09/10/2012 08:11 am ET Updated Nov 10, 2012

Rosh Hashanah: A Season of Hope and Aspirations of Unity

At this time of the year, Jews around the world begin preparation for the celebration of Rosh Hashanah, the Jewish New Year. But the tradition teaches that it is really a universal day, one that celebrates the creation of all humanity. It is a day of reflection during which the sounds of the Shofar (ram's horn) should awaken listeners to some universal truths; truths that are necessary to create a just and unified world.

The Prophets of many traditions teach about a world that will move one day to an era of reconciliation and harmony, beginning with the individual and spreading to all nations, even including the natural world, suggesting that all creation is evolving toward the unitive state. Any sensitive person can appreciate the grandeur of this process. Just observe a hive of bees at work, or walk through a forest, or live with a kind person, and you cannot but be profoundly moved by the way every aspect of creation can work with all the rest as a unit in perfect harmony. This truth has far-reaching implications in our daily life. On the one hand, every time we violate the unity of life by venting our anger on those around us, or by harming our fellow creatures, we work against this evolution. In contrast, every time we forgive others, do what benefits them or alleviate the distress of any creature, we contribute toward this evolution.

There is nothing more important in life than learning to express this unity in all our relationships. With our family and friends, with our colleagues and fellow workers, with other communities and countries, and with other races and religious groups. The terrible consequences of disunity are plain for all to see. Violence, war, pollution, estrangement and insensitivity to our fellow creatures are external manifestations of the disunity seething in our consciousness. Because we live on the surface level of life, we are often unaware of the anger and fear burning deep within us.

How can we begin to return to the higher perception of potential unity within our world? It's certainly not easy. So many of us struggle to overcome built-in negative habits or entrenched behaviors that separate rather than unite us; the tendency toward self-interest impinging on the potential for selflessness. However, even one person standing against oppression, violence and greed, whether it is in the home, in the community, or between nations, can become a source of inspiration for everyone who comes into contact with him or her. Whatever one's faith, the words from Scripture should not just remain on the written page. Rather, the man or woman who practices its wonderful teachings will give strength and inspiration to those seeking to turn judgment into compassion, fear into courage and selfishness into kindness to the benefit of all.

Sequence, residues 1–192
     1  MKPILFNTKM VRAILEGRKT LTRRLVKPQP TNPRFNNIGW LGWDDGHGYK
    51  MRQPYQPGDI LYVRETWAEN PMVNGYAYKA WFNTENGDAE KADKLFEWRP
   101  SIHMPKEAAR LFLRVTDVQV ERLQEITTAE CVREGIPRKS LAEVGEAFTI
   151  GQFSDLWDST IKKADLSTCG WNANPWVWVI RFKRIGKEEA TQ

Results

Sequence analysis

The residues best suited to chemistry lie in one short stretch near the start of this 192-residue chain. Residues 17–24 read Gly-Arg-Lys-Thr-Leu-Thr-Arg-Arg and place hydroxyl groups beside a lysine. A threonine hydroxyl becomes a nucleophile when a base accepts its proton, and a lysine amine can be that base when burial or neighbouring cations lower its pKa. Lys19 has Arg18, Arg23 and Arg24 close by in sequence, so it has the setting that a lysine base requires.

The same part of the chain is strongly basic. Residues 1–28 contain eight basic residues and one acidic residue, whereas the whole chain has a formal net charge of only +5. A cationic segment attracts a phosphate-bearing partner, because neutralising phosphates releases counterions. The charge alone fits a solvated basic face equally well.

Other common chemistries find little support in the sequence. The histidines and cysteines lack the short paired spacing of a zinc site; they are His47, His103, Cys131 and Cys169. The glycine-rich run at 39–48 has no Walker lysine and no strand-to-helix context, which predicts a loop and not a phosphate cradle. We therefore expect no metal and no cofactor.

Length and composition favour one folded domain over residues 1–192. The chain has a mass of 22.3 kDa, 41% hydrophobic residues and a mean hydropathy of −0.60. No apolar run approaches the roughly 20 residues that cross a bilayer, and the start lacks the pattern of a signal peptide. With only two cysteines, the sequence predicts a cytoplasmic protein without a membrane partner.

Viewing the world through the eyes of skepticism and separateness, as we often do, causes us to think of ourselves as frail, fragmented creatures, too weak to take action and make our contribution. But a shift in consciousness, as a result of witnessing others' inspiring behavior, of perceiving the grandeur of nature, of an uplifting symphony, of the inspirational words of our poets and sages, can begin to arouse our souls to a higher level of perception.

This arousal, however, takes continuous attention to insure continuity. For living in a tension-filled world, there are few of us who do not harbor some form of resentment and anger toward others and toward ourselves. Before we heal the world, we must begin the task of healing ourselves. In order to do so, we must utilize daily self-reflection to deal with our feelings and create reconciliation with ourselves, others and G-d, in order to achieve some sense of forgiveness. For the Jewish people, this is the season that reminds us of G-d's love for us, and asks us to return to the callings of the soul, to Unity which is hardwired into creation.

We are told by the sages that when we even BEGIN this process of reconciliation with ourselves and others, we are forgiven and transformed; we can then begin to accept ourselves and love ourselves because we are loved once more. Being forgiven and being able to accept oneself are the same thing.

So, for those who will hear it, may the sounds of the Shofar awaken us out of our slumber and lead us to this higher calling of unity, to self-forgiveness, and to our duties to all humankind, to the meaning of life, and toward the knowledge that we are all inextricably bound together in unity. May this year be, indeed, one in which all nations and religions march together toward a new consciousness and the concretization of these perceptions into loving actions that will heal injustice, oppression and pain and transform the world into the unified essence it is meant to be.

Rabbi Mel Gottlieb, Ph.D, is President of the Academy for Jewish Religion, California (AJRCA) and Vice-President of Claremont Lincoln University.